NEW YORK (Reuters) – Oil prices climbed more than 2% on Wednesday after a better-than-expected U.S. crude inventories report and as Russia said it would continue its cooperation with OPEC to keep the global oil market balanced.
FILE PHOTO: An oil pumpjack is seen in La Canada de Urdaneta, Venezuela October 1, 2019. REUTERS/Jose Nunez
Brent crude LCOc1 futures gained $1.34, or 2.2%, at $62.25 a barrel by 1:24 p.m. EST (1824 GMT), while West Texas Intermediate crude CLc1 futures rose $1.61, or 2.9%, to $56.82 a barrel.
U.S. crude oil stocks grew by 1.4 million barrels last week, the Energy Information Administration said, compared with analysts’ expectations for 1.5 million-barrel build and the 6 million-barrel build reported by the American Petroleum Institute late Tuesday.
Refinery runs rose 519,000 barrels per day and crude in storage at the Cushing, Oklahoma, delivery hub for WTI fell 2.3 million barrels, EIA said
“The data is starting to reflect the return of refineries from maintenance, especially on the U.S. Gulf Coast,” said Andrew Lipow, president of Lipow Oil Associates in Houston.
Prices pulled back slightly after Reuters reported that the first phase of a trade deal between Beijing and Washington might not get done this year, trade experts and people close to the White House said.
U.S. crude demand has slowed during the protracted trade war with China, and hopes for an end to the dispute in the signing of a so-called Phase One agreement have dimmed amid disagreements over the removal of tariffs.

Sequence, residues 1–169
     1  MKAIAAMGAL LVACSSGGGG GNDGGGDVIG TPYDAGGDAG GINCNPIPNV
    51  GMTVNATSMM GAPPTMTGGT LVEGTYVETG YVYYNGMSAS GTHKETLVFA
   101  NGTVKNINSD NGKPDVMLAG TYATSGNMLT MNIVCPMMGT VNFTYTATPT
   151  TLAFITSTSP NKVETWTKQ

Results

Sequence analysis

China on Wednesday also condemned legislation passed by the U.S. Senate aimed at protecting human rights in Hong Kong amid a crackdown on a pro-democracy protest movement.
Oil prices were supported by comments from Russian President Vladimir Putin that Russia will continue cooperation under a global supply-curbs deal with the Organization of the Petroleum Exporting Countries (OPEC).
OPEC meets on Dec. 5 in Vienna, followed by talks with a group of other exporters, including Russia, known as OPEC+.
Escalating Iran-related tensions also boosted prices.
The U.S. aircraft carrier strike group Abraham Lincoln on Tuesday sailed through the vital Strait of Hormuz, through which a fifth of the world’s oil flows, as leaders in Iran blamed days of protests over fuel price hikes on foreign enemies.
Tensions in the Gulf have risen in the wake of attacks on oil tankers this summer, including off the coast of the United Arab Emirates, and a major attack on key Saudi energy plants which briefly crippled from the world’s top oil exporter.
Iran’s President Hassan Rouhani on Wednesday claimed victory over protests which have left scores reported dead.
“These events contribute to a sense of increasing tensions in the Middle East and explain why we have an uptick in the oil price today,” said SEB chief commodities analyst Bjarne Schieldrop.
Additional reporting by Scott DiSavino in New York, Noah Browning in London, Seng Li Peng; Editing by Marguerita Choy and Bernadette Baum